The cookie of Castellammare is a cookie looking like a cigar, born in 1848 in Castellammare di Stabia. As the decades went by, it appeared and developed the tradition of arriving in Castellammare to taste these cookies dipped in the water of the Virgin Mary.
The story started to become complicated when Lady Concetta, heir of the recipe of the cookies, became so jealous of it that she refused to show it, and it is said that for this reason she was poisoned. Obviously, this contributed in increasing the interest around these delicious cookies. Luckily, before her death, Lady Concetta gave the recipe to her nephew, who, handing it down to sons and grandsons, has allowed making arrive these cookies until today and transforming them into the symbol of this wonderful coastal locality.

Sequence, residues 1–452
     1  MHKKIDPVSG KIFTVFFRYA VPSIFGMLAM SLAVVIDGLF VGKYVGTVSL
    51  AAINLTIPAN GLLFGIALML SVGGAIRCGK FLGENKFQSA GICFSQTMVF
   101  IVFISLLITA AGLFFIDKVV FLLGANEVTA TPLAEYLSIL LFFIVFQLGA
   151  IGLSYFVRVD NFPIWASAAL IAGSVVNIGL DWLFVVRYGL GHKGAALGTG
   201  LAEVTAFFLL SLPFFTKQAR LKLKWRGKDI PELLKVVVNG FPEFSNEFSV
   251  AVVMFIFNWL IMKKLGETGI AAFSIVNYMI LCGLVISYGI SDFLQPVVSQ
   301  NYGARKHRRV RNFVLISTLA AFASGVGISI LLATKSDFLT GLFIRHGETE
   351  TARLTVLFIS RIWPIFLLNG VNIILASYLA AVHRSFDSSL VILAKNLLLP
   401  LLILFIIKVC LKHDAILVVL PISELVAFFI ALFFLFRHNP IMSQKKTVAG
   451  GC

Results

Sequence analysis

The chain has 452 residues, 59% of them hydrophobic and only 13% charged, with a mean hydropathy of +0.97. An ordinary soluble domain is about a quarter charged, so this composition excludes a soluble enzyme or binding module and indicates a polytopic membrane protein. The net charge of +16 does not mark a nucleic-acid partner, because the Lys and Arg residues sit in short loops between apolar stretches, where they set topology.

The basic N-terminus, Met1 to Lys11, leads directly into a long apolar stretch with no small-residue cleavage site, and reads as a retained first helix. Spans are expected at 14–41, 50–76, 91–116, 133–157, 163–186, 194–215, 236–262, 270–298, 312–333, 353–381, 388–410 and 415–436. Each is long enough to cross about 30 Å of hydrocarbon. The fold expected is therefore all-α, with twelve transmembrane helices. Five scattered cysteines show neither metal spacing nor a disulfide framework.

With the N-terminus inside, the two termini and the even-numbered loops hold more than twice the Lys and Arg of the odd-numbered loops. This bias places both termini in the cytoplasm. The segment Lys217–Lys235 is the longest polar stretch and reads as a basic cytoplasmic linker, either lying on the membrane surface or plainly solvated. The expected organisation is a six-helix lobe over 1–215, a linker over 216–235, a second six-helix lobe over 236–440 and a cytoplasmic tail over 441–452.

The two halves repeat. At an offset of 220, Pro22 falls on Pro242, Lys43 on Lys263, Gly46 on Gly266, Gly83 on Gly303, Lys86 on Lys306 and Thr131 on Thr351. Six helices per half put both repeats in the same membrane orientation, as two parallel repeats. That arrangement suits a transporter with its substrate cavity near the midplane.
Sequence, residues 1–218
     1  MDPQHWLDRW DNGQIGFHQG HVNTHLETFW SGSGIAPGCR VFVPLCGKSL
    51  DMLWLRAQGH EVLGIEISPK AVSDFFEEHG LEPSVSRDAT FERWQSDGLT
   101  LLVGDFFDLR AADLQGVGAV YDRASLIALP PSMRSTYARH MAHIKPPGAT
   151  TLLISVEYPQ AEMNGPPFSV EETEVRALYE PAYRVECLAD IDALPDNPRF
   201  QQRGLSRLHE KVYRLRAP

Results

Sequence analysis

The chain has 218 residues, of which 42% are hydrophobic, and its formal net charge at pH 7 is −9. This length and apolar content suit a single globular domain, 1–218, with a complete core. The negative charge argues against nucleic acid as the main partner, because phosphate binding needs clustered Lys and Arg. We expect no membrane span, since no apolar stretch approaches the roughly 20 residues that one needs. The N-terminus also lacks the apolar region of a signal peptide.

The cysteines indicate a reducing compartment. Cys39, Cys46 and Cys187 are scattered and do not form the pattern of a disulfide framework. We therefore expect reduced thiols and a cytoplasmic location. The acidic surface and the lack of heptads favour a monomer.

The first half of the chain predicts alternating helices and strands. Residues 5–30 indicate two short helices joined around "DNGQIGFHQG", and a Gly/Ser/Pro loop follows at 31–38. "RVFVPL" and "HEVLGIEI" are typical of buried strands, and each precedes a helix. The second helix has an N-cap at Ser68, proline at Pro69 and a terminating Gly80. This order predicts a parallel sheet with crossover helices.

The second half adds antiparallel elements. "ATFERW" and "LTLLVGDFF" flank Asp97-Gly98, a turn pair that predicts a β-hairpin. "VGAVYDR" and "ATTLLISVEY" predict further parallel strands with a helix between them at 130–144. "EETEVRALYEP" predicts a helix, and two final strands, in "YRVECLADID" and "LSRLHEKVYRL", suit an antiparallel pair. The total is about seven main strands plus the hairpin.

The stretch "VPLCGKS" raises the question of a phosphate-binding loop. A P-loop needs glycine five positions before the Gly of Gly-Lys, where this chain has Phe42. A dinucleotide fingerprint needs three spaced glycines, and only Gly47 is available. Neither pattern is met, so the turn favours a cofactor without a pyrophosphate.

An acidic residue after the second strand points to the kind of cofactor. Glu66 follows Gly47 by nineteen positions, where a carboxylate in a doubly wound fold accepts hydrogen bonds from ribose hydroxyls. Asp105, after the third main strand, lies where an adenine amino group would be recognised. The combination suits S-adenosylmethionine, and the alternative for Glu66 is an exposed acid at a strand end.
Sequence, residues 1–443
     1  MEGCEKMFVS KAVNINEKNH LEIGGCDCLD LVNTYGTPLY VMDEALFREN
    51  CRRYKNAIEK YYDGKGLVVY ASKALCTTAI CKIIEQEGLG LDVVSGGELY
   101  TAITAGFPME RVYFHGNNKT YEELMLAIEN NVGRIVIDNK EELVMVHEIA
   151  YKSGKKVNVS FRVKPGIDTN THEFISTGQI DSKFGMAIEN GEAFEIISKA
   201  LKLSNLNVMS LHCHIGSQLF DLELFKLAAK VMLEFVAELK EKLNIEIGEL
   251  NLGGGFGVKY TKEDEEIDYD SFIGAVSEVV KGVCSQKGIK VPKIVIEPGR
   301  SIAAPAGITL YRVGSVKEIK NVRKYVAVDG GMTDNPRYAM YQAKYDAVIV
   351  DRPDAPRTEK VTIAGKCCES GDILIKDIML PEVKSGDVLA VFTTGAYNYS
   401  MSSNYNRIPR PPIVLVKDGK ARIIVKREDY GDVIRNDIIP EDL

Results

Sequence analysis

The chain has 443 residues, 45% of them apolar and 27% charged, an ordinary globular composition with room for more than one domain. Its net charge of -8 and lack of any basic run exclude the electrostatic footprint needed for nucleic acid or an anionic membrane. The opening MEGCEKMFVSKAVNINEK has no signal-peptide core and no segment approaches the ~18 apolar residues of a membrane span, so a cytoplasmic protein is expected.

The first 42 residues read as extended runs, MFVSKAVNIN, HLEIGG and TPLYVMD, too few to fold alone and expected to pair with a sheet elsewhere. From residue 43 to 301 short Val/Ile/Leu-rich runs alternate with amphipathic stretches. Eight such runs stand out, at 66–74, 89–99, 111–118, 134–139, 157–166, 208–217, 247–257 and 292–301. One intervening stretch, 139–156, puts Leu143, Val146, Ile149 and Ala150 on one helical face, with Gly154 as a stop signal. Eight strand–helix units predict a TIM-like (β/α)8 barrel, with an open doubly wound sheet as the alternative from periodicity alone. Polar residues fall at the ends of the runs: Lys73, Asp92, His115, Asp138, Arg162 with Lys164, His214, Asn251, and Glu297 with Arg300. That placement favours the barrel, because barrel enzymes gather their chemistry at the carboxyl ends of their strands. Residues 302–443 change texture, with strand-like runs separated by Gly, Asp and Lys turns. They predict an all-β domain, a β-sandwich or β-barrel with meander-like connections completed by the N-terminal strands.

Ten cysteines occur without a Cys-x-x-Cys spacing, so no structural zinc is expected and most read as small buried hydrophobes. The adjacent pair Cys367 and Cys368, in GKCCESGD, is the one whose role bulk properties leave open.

The ingredients of this cookie are really few and among them the water of the Virgin Mary of Castellammare is essential. The traditional shape as a big cigar needs the right cooking, to avoid it remains uncooked inside.
The brief story of this characteristic cookie, appreciated for its fragrance and unique taste, can be completed with the following description:
‘Who arrives, even if for the first time, in our town, will not forget two pleasant perfumes: the one slightly tickling of the vapors of sulfur and iron and other minerals coming from the water sources of Stabia; and the other one evanescent and very sweet of the cookies of Castellammare. In fact, they will be ten, twenty, or more the ovens, some primitive while others modern, that launch uninterruptedly on the market these much sought-after cookies that in none other part of the world can be imitated, even if it is known that the simple and essential elements to make and produce them are flour, sugar, butter and vanilla (…)’. Stabiae e Castellammare di Stabia by Michele Palumbo, Aldo Fiory Publishing, 1972.